Iowa State University is eyeing a $25 million upgrade to its 47-year-old Hilton Coliseum that would widen its concourse corridors and renovate its concessions to provide a broader array of food.
The university next week will ask the Board of Regents for permission to proceed with planning and select a design professional for upgrades to James H. Hilton Coliseum, which Iowa State spent $8.15 million to open Dec. 2, 1971, to host Cyclone basketball, volleyball, gymnastics, and wrestling teams — along with NCAA events and graduation ceremonies.
Proposed upgrades to the 14,384-seat facility, to be covered by athletic department funds and private giving, also will address its aging mechanical system and maintenance issues in two elevators.
As for the more public improvements, Iowa State wants to both upgrade and relocate Hilton’s north and south concourse concessions to the exterior walls, allowing for a wider variety of food and accommodating demand for more concessions, according to Board of Regents documents.
At the same time, concourse corridors will expand into those areas vacated by concessions, widening them substantially to improve patron circulation. The north and south entrance exteriors will receive accessibility and aesthetic improvements under the proposal.
“Home of ‘Hilton Magic,’ the facility is beloved by Cyclone fans and nationally recognized as having one of the best home-court advantages in college basketball,” according to Iowa State’s pitch to the board. “Hilton Coliseum’s aging infrastructure and congested concourses need to be addressed in order to continue to provide the experience expected by fans and patrons.”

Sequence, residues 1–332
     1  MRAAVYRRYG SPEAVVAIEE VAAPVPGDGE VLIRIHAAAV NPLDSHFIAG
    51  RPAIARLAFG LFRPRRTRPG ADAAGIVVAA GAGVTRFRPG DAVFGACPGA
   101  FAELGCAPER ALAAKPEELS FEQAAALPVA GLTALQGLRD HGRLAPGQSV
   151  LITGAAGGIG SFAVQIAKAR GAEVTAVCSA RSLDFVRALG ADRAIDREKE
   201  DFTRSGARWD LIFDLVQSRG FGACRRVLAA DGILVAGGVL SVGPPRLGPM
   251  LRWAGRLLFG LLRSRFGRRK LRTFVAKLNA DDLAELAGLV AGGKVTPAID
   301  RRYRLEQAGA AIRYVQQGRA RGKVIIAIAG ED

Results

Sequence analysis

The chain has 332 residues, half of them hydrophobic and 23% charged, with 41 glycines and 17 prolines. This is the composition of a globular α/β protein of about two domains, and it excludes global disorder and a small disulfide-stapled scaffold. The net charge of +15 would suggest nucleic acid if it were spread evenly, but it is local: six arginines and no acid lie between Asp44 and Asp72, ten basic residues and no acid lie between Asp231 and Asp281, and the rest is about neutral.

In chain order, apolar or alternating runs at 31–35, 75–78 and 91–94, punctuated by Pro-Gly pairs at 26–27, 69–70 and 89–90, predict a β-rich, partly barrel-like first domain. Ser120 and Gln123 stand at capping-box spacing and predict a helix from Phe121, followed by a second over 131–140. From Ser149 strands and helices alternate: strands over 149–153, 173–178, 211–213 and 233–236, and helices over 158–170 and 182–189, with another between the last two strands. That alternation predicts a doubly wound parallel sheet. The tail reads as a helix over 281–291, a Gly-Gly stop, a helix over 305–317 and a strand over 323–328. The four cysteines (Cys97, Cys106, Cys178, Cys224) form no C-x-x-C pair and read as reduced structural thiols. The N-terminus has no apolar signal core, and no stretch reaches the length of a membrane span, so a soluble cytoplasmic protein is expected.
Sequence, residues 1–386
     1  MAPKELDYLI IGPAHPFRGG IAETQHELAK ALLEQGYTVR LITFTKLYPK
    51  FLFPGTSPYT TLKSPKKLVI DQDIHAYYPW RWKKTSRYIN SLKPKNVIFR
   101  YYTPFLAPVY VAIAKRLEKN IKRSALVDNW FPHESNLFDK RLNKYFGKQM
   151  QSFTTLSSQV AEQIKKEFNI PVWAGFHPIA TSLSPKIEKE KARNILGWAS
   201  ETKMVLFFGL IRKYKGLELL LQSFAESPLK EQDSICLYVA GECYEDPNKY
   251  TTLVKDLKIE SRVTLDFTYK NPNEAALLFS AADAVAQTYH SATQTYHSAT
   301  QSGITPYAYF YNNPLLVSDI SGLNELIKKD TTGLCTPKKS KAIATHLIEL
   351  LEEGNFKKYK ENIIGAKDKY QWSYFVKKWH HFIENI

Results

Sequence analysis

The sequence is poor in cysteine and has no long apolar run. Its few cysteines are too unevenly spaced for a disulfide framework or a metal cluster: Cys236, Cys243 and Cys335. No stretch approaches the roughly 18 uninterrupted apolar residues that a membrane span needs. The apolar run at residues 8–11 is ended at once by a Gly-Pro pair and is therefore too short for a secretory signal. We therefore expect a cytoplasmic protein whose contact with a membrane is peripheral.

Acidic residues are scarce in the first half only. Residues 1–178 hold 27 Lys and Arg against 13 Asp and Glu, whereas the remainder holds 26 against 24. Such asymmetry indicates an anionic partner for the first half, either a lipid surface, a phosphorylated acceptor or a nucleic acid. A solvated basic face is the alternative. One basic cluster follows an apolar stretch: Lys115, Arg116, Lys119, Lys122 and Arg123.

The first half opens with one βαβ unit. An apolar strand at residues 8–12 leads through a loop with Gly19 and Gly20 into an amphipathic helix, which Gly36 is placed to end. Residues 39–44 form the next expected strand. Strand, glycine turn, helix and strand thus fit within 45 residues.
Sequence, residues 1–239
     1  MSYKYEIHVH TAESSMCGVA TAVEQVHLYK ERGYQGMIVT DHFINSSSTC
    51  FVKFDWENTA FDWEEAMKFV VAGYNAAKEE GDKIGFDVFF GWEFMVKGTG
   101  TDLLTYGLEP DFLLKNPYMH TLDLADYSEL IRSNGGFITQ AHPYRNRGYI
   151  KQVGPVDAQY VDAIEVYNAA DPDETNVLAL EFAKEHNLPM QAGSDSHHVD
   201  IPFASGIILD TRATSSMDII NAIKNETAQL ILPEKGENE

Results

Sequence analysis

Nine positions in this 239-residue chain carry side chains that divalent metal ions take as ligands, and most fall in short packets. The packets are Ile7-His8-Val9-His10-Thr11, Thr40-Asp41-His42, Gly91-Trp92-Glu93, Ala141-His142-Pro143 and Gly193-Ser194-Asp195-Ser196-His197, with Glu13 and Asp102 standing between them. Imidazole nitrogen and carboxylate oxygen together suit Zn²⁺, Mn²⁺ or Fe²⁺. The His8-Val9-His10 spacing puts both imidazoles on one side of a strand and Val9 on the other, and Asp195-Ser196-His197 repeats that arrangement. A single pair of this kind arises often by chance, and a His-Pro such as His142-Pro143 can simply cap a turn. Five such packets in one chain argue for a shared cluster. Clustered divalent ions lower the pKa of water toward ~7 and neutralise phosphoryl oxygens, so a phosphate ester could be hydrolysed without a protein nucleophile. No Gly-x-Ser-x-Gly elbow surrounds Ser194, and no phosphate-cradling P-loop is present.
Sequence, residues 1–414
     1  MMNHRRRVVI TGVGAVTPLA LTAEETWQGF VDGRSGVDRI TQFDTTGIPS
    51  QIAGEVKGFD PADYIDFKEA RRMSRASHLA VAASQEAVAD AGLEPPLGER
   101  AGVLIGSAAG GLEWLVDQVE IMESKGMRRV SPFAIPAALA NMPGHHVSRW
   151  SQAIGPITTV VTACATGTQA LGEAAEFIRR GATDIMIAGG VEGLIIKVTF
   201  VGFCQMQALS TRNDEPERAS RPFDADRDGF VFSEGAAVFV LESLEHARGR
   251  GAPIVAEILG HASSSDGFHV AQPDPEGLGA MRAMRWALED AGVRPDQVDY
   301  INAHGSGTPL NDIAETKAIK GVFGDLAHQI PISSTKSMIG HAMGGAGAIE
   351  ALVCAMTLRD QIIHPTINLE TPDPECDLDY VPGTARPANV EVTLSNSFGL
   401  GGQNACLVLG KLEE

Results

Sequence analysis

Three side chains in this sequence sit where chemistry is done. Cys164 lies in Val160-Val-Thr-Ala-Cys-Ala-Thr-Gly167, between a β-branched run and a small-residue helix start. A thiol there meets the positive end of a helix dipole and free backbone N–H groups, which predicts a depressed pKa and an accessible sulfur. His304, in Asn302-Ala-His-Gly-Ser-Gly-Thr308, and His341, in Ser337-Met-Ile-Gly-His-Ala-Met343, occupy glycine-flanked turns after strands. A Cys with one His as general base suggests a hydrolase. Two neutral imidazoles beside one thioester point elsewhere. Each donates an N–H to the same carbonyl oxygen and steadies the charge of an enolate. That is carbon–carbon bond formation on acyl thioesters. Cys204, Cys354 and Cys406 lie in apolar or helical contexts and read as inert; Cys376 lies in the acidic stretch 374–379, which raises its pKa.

Right now, Hilton operates antiquated mechanical equipment, elevators, and portable concession stands that constrict concourse circulation and accessibility, according to Iowa State. The arena saw significant renovations in 1980, 1994, and 2002, and recently received external upgrades to its sidewalks and parking, nearly doubling the vehicle capacity in its closest lots.
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The $3.9 million parking project, completed in the fall, included a new driveway aimed at easing postgame traffic gridlock.
Iowa State in the fall also received Board of Regents permission to proceed with a $90 million project to support a sports performance center and upgrades around Jack Trice Stadium — its 61,500-seat football venue.
Construction on that project is scheduled to begin in the spring and continue through fall 2021.
The university hasn’t released any projected timeline on the Hilton Coliseum project.
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